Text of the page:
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RICHMOND
Ginter Park Historic District

Ginter Park

House in Ginter Park
City of Richmond
Department of Community Development

 

Richmond businessman and philanthropist Lewis W. Ginter conceived Ginter Park, a serene late 19th and early 20th-century neighborhood of stately homes. Born in 1842 in New York City, Ginter became a tobacconist, industrialist, and entrepreneur. His idea for Ginter Park was part of a larger plan for spacious residential communities incorporating schools, churches, and community centers. He formed the Sherwood Land Company with the intent of developing such neighborhoods on the north side of Richmond. His namesake development, Ginter Park, was the first of these efforts. Founder of the American Tobacco Company and one of the most prominent Richmonders of the time, Ginter planned this idyllic suburban community after visiting Melbourne, Australia, where he found business men retreating home to the country at the end of each work day striking. Ginter began to realize his dream of a community of suburban estates -a place where “a gentleman could ride to and from work without the sun’s glare in his face” -by purchasing several hundred acres of farmland in what was then Henrico County.

Major Ginter helped gather momentum for his plan by donating land to Union Theological Seminary as a means of convincing the institution to move from Hampden-Sydney College near Farmville, Virginia. Located at 3401 Brook Road, the seminary remains an institutional anchor and architectural gem in the geographic center of Ginter Park. Ginter also negotiated the extension of an electric trolley line (established in Richmond in 1888) to the future neighborhood in 1895. For a mere five cents, Richmonders could travel between Ginter Park and downtown Richmond in just 15 minutes. In that same year, Ginter oversaw construction of the carpenters’ homes on Cottage Avenue (now Hawthorne Avenue). The largest of these six cottages, at the corner of Walton and Hawthorne, served as quarters for the supervisor of Ginter’s land company.

Lewis Ginter passed away in 1897. His final resting place is in Hollywood Cemetery in an elaborate stone mausoleum with stained glass. Ginter’s niece, Grace Arents, inherited his fortune and carried his dream through to fruition. At that time, the only completed residences were the workmen’s cottages on Chamberlayne and Hawthorne Avenues, the waterworks houses on Westwood Avenue, and the seminary’s faculty residences on and around the Seminary Quadrangle. Thomas Jeffress, former business partner and co-executor of Ginter’s estate, founded the Lewis Ginter Land and Improvement Company in 1906 to promote the sale of residential lots. The first major residential construction boom in Ginter Park began in the first decade of the 20th century. An advertising supplement in the May 3, 1908 Richmond Times-Dispatch showed photographs of 15 of the finest recently-completed houses in the new community, with the 3500 block of Seminary Avenue offering some of the most impressive mansions.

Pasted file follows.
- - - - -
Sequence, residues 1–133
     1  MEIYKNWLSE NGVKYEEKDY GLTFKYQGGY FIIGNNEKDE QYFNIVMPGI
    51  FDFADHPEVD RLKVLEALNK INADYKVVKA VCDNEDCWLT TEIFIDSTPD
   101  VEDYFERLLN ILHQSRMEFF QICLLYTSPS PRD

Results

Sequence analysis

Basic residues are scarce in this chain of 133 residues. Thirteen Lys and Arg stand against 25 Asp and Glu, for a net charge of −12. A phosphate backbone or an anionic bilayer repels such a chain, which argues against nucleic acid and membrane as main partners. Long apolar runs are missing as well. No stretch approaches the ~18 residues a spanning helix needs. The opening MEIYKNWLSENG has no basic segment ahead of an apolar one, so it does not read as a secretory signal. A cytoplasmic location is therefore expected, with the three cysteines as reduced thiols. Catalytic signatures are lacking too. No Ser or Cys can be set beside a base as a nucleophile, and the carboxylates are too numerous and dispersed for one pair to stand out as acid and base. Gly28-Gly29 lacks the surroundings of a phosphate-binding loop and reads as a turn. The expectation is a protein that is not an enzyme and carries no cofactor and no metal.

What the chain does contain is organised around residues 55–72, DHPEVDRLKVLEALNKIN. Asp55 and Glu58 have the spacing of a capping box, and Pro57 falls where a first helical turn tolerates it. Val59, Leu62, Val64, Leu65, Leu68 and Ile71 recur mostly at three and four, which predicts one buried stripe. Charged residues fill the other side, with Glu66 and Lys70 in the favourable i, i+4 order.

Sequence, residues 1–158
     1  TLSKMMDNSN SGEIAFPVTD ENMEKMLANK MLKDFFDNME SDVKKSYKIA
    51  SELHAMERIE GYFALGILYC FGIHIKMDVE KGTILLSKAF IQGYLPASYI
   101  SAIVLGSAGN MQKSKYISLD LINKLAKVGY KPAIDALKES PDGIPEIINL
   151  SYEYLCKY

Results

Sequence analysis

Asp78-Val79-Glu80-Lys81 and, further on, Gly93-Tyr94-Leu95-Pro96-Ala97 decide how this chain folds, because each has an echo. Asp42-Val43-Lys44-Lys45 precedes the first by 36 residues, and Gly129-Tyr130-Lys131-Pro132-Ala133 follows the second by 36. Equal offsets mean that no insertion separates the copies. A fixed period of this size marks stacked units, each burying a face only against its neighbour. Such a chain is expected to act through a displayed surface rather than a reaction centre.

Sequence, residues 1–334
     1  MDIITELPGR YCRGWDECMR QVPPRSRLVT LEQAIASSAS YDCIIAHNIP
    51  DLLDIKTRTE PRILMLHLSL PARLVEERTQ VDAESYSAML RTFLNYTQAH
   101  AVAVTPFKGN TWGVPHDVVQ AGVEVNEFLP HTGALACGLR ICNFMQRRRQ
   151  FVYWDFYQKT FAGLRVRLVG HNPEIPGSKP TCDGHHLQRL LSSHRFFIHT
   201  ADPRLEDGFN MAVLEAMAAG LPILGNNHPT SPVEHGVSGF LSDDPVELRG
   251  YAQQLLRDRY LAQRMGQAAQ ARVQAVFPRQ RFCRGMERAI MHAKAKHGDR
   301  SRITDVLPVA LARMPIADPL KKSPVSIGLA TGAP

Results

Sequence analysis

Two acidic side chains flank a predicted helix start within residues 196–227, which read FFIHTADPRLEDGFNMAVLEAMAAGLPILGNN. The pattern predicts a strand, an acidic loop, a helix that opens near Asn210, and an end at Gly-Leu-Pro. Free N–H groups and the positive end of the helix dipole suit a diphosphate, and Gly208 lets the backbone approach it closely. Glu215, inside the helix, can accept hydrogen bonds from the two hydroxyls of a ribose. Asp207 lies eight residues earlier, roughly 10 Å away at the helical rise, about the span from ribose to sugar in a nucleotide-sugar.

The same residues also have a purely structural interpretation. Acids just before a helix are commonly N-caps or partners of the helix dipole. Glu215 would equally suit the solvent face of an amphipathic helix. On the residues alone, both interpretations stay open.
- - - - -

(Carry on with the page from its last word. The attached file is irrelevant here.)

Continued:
Ginter Park includes house in a variety of late 19th and early 20th-century architectural styles from modest cottages to Colonial Revival, Spanish Colonial, Arts and Crafts/Bungalow, American Foursquare, Queen Anne, Shingle Style, and Tudor Revival. The 1908 Lewis Ginter Community Center at 3421 Hawthorne Avenue is the most prominent example of the Tudor Revival style in Ginter Park. Its first uses were as a town hall and schoolhouse.

Ginter Park Union Seminary

Ginter Park Union Seminary
City of Richmond Department of Community Development

Ginter Park's development entailed a host of associated public works improvements. These included new roads constructed of crushed stone from quarries on Hermitage Road, with tile sewer lines laid in the roadbeds; and artesian wells to provide fresh drinking water. The subdivision of predominantly single-family dwellings is laid out in a grid pattern of streets and lined with deciduous shade trees and miles of hedges. The community covers approximately 21 city blocks and has a plan characterized by wide divided boulevards running north and south and large residential lots, generally measuring 100’ wide by 250’ deep. With the exception of changes to Chamberlayne Avenue as a result of its later designation as U.S. Route 1, Ginter Park retains most of its turn-of-the century residential planning qualities, including many of its original stone street signs, that established its reputation as “Queen of the Suburbs.”

In 1912, Ginter Park became an incorporated town, independent from Henrico County. Its first and only mayor, John Garland Pollard, went on to become Governor of Virginia. A park named in his honor marks the original entrance into Ginter Park from the City of Richmond. The city annexed Ginter Park in 1914. The registered historic district encompasses 2900 acres and includes 291 buildings and 179 structures. Every October, the Ginter Park Residents’ Association sponsors a “Harvest Home Tour.”

Plan your visit
Ginter Park Historic District is roughly bounded by North Ave., Moss Side and Hawthorne and Chamberlayne Aves., Brookland Park Blvd., and Brook Rd.  Most of the buildings are private homes not open to the public. For information about tours and events in the district, visit the Ginter Park Residents' Association website.  For additional information, visit the City of Richmond and the Lewis Ginter Recreation Association websites. For information on visiting the Union Seminary at 3401 Brook Rd, which is individually listed in the National Register, call 1-800-229-2990 or 804- 355-0671 or visit the Union Seminary website.
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